Random Samples

Science  23 Apr 1999:
Vol. 284, Issue 5414, pp. 583
  1. Possible Ainu Site Creates Buzz

    In 1996, biologists working in the wild Kuril islands north of Japan came across the undisturbed remains of several large, circular dwellings sunken into the ground next to a stream. News of the find—probably an ancient site for the Ainu, a seafaring people who still live in Hokkaido—is only now trickling out. And archaeologists are clamoring for a look at the site that, they say, could shed light on everything from the peopling of the Americas to how early human occupation may have altered the fragile balance of species on the rugged islands.

    During the last century, the 56-island archipelago, which runs between Hokkaido in Japan and Kamchatka in Russia, has been virtually inaccessible to non-Russians because of its sensitive location during the Cold War and political wrangling between Japan and Russia over who owns the four southernmost islands. Despite the sometimes tense political atmosphere, a team of U.S. Russian, and Japanese biologists, led by Ted Pietsch of the University of Washington (UW), has sailed to the Kurils every summer since 1994.

    Intent on gathering specimens of everything from lichens to frogs, the biologists only late last year showed photos of the structures on Onekotan, a northern, uninhabited island, to archaeologist Karl Hutterer, director of UW's Burke Museum, who then spread the word. Insights into Ainu life in the Kurils and the Ainu's possible spread to Alaska's Aleutian islands “would have a major impact on our interpretation of northeast Asian and, potentially, North American prehistory,” says anthropologist John Olsen of the University of Arizona, Tucson. He says it would bolster the theory that the earliest Americans may have found their way to the continent not only via the Bering land bridge but also by sea more than 10,000 years ago.

    A team led by Pietsch, Hutterer, and three UW colleagues—Ben Fitzhugh, Don Grayson, and Julie Stein—plans to ask the U.S. National Science Foundation (NSF) to contribute part of the $300,000 needed to launch a joint biology- archaeology survey next year. NSF's Douglas Siegel-Causey won't comment on the proposal but admits he's enthusiastic about the idea: “This is one of those opportunities that you have to grasp when it comes.”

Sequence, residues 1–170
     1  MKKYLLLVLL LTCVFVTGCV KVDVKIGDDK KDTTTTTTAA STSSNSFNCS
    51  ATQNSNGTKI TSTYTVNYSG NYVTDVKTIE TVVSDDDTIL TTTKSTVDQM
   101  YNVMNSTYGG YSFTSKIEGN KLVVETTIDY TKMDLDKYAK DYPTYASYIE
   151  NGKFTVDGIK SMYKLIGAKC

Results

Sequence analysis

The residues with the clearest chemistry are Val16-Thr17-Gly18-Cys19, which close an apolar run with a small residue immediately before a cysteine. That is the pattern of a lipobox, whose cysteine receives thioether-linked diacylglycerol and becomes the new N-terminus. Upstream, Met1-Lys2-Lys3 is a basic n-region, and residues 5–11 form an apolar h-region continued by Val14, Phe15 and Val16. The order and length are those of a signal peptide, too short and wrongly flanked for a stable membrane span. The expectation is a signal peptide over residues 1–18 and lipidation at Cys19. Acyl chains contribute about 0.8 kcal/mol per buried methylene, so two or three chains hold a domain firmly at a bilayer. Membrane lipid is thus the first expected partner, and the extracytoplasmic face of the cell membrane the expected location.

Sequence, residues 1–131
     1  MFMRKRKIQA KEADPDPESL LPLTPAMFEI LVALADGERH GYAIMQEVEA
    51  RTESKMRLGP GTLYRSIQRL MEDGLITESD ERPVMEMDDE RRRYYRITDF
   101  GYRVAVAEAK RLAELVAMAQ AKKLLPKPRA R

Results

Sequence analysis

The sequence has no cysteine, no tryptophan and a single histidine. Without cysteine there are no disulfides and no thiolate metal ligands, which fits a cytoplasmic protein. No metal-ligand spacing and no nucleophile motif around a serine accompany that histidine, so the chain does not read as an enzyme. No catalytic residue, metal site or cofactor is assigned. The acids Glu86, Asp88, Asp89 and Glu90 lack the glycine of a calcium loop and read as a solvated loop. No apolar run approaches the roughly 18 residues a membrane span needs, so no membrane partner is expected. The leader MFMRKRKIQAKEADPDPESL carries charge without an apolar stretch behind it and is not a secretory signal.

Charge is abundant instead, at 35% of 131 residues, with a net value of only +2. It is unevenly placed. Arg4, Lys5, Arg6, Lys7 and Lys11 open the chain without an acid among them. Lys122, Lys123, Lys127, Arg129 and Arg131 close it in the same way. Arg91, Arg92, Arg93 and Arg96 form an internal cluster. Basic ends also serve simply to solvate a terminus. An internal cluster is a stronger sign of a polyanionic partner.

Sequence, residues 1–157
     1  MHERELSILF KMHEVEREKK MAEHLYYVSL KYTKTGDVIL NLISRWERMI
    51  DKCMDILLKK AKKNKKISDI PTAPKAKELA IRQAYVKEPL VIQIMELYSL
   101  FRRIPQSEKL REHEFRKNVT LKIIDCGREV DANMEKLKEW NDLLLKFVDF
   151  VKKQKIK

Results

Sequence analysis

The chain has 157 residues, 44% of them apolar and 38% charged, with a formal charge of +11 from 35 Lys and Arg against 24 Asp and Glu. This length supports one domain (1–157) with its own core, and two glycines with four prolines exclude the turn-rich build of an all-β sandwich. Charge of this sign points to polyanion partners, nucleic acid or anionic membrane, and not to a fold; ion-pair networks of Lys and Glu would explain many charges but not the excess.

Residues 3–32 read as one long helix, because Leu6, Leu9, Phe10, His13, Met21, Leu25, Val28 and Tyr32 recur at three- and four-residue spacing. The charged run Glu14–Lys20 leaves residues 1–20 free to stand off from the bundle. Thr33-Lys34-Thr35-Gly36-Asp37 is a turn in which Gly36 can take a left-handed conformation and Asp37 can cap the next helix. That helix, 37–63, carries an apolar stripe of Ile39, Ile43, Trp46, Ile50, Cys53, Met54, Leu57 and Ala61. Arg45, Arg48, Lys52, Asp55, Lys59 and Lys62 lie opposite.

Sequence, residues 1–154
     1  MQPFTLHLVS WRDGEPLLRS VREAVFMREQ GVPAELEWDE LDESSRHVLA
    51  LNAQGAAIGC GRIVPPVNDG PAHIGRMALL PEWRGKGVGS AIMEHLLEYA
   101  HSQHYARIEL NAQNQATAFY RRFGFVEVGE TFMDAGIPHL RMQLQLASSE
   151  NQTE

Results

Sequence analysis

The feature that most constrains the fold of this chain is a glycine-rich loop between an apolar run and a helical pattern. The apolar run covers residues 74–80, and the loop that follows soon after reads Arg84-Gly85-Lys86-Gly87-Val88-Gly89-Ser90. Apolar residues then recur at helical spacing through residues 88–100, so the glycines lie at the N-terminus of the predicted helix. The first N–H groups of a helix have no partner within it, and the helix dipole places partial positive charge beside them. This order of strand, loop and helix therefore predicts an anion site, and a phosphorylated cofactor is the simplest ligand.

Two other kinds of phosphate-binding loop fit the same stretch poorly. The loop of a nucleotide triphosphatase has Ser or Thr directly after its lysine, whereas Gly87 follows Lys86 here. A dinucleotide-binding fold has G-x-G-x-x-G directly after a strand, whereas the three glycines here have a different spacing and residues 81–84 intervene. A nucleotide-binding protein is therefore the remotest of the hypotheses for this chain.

2. Good-bye, Descartes

    “Because of the advances we've made over the last decade, the dichotomies between nature and nurture, between biology and psychology, are gone. It's now clear that environmental influences, from learning to medications … modify thought and behavior by modifying brain structure and functioning, most likely through changes in gene expression.”

    —Neuroscientist Robert Malenka of the University of California, San Francisco, advocating the death of the nature-nurture debate at a symposium marking the end of the “decade of the brain” held last week at the National Academy of Sciences.

  3. A Man of Science

    Early American inventor and statesman Benjamin Franklin was the center of a circle of scholars, venerators of Isaac Newton, who wrote to each other avidly about their explorations in the 18th century. This group of intellectual companions—including telegraph inventor Samuel F. B. Morse, botanist William Bartram, and astronomer David Rittenhouse—saw themselves as “men of science.” (The word “scientist” was not coined until 1833, in England.) The painting above, done in 1762 when Franklin was 56, is part of an exhibit on “Franklin & Friends” at the National Portrait Gallery in Washington, D.C. through 6 September.

  4. Stuff of Car Seats?

    A tropical plant woven into rope for thousands of years in Africa and southern Asia is about to make its debut on Western shores—as an eco-friendly ingredient in car parts and paper.

    As its formal name Hibiscus cannabinus suggests, kenaf is related to hibiscus, hollyhock, and okra. After 50 years of selection, U.S. and European scientists have developed kenaf varieties that can thrive through the changing seasons in warm, temperate latitudes.

    Getting ready to cash in on these advances are Kafus Environmental Industries of Vancouver, British Columbia, and Visteon, a Ford Motor Co. division. In February, the two companies broke ground in Elkhart, Indiana, for the first U.S. kenaf factory. (A factory will also start up this summer in Italy.) When combined with polypropylene, kenaf offers a lighter, recyclable alternative to fiberglass in interior car door panels, seat backs, and trim, says Chuck Taylor of Kafus's kenaf-growing facility in Raymondville, Texas.

    Plant biologist Ralph W. Hardy, president of the National Agricultural Biotechnology Council in Ithaca, New York, predicts a booming demand for kenaf as carmakers move into “bio-based materials.” Kenaf is also emerging as an economically feasible substitute for wood pulp now that newsprint prices have shot up. Kafus is going after that market as well, with plans for a mill in Lasara, Texas, that could start turning out an annual 120,000 tons of kenaf-based newsprint by next year.

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